By Andres Bhatia, MD

Dr. Bhatia went to Medical School at UCCEM in Puerto Rico and did his residency and fellowship at Cleveland Clinic. He has been in private practice in Gainesville since 1993, and he joined Florida Cancer Specialists in 2010.

Aside from genetics, what other cancer risk factors should I look out for? Should I think about undergoing genetic testing?

By far the most common risk factor for developing cancer is smoking. Smoking not only increases your risk of developing lung cancer, but it also can increase your risk of bladder, pancreatic, head and neck cancer. Other risk factors include obesity, high-fat diets and alcohol. More recently, Human papillomavirus (HPV) has proven to increase the risk of cervical cancer and oropharyngeal cancer. Other risk factors include exposure to Agent Orange as well as radiation exposure.

Genetic testing could be considered if you have a strong family history of cancer diagnosed at a young age. Ideally, the family member who has the cancer should be the person tested. If the results are positive for a genetic mutation, then other family members should consider testing.

What are the most common treatments for cancer? Do you ever recommend taking part in a clinical trial?

There are many different treatments for cancer depending on the type and staging of the cancer, as well as the performance status of the patient. Surgical intervention is the initial treatment for many cancers, and removal of the tumor is often the only treatment necessary. Surgery involves removing the tumor and surrounding lymphatics. This is important for staging, which often determines whether further treatment will be recommended. After surgery has been performed and the patient has recovered, the oncologist will review the pathology of the mass and lymphatics as well as any scans to determine if further treatment is required. Other modalities include chemotherapy, which is systemic treatment, and radiation therapy, which is localized treatment. There are also now many targeted therapies as well as vaccines as treatment options. Many practices offer clinical trials, which not only help the current patient, but also patients receiving treatment in the future.

What are the different stages of cancer and what does each stage mean?

Cancer staging is different for each tumor type. Basically, there are four stages of cancer for solid tumors, beginning with Early Stage Disease/Stage 1. This is when a cancer is small in size with no local spread of disease and no lymph node involvement. The stages increase from Stage 1 to Stage 2 and Stage 3 with increasing size of the tumor, lymph node involvement, and increasing aggressive pathologic features. Stage 4 generally means that the disease has spread to distant organs such as lung, liver, bone and/or brain.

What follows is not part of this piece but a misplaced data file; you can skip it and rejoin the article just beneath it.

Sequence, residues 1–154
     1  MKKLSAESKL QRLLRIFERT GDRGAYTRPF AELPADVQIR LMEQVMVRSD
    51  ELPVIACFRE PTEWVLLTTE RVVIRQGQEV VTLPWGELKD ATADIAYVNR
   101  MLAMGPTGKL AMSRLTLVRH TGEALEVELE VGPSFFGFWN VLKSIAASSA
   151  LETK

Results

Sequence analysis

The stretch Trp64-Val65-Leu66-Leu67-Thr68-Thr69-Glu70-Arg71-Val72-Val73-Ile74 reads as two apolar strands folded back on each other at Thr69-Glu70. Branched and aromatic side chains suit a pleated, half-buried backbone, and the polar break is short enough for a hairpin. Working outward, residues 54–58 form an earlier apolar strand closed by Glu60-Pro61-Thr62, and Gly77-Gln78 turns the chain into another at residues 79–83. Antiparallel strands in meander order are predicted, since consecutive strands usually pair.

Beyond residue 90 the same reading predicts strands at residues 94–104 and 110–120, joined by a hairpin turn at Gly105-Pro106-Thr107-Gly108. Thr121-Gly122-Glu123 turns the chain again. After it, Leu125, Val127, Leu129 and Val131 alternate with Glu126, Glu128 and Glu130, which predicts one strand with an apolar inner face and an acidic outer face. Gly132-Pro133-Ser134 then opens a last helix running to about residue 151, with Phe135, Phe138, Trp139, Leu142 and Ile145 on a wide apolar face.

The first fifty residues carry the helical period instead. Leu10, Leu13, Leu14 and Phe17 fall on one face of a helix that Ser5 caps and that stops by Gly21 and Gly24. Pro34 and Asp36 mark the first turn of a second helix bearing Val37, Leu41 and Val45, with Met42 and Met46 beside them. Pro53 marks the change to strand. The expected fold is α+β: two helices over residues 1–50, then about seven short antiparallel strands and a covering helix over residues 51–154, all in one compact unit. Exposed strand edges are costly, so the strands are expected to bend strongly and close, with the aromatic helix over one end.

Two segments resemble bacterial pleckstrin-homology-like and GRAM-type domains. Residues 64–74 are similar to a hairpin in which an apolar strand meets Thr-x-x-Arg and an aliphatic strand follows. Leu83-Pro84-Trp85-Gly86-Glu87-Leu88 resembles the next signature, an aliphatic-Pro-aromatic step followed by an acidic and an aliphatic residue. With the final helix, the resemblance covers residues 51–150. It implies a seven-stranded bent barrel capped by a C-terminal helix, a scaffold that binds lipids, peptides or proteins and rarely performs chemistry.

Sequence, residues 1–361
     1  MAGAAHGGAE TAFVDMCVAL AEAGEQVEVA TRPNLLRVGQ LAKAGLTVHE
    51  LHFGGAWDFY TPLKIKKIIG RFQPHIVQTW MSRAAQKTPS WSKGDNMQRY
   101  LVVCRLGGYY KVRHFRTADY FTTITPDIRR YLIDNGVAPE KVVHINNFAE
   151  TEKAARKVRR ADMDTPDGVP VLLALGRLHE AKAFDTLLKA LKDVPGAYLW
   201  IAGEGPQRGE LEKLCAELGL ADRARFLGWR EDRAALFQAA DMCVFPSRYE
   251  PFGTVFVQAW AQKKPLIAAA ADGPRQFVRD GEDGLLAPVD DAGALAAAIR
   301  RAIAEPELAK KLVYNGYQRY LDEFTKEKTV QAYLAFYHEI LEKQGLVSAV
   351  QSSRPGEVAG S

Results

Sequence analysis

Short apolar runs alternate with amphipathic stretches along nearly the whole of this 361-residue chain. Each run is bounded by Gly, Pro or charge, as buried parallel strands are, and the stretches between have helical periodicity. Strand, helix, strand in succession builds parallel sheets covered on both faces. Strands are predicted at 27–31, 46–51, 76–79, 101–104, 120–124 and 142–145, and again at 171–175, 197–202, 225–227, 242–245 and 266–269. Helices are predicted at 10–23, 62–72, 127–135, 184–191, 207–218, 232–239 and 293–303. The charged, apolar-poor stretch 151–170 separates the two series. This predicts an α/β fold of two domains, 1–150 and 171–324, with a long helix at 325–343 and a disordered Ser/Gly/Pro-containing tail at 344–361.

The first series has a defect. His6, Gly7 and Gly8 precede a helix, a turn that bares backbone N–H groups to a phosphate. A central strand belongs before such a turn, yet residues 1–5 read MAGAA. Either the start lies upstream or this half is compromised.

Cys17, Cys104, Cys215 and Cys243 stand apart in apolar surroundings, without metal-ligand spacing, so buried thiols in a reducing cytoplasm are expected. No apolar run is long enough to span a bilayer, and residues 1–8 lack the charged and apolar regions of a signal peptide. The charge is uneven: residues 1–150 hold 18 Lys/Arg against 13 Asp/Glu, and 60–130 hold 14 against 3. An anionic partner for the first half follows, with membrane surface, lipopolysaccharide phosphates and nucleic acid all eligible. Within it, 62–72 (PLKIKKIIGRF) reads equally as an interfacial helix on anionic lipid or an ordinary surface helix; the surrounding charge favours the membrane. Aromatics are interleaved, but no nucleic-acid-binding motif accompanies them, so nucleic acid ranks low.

Is there anything I can do to prevent myself from developing any form of cancer?

The best way for you to prevent yourself from developing cancer is to live a healthy lifestyle: no smoking, limiting alcohol consumption, avoiding fatty foods and avoiding obesity. Early detection is very important as you can diagnose cancer in its early stages when it is much easier to treat and there is a better chance for cure. Early detection studies include skin exams, a yearly mammogram beginning at 40, colonoscopy at 50, pap smear every one to three years for women, and Prostate-specific antigen (PSA) and rectal exams for men.

If I am diagnosed with cancer, will I end up losing my hair?

Many cancers do not require chemotherapy, and many chemotherapies do not cause hair loss. Therefore if you are diagnosed with cancer, you won’t necessarily lose your hair. Some patients receiving chemotherapy that may cause hair loss have benefitted from cooling caps/scalp hypothermia, which can prevent hair loss from occurring. However, this treatment can be expensive and not covered by insurance, and some patients do not tolerate the cooling cap.

Can you get lung cancer even if you do not smoke?

Unfortunately, being a nonsmoker does not protect you 100 percent from developing lung cancer. There are some types of lung cancers that occur in nonsmokers, however, this is an exception.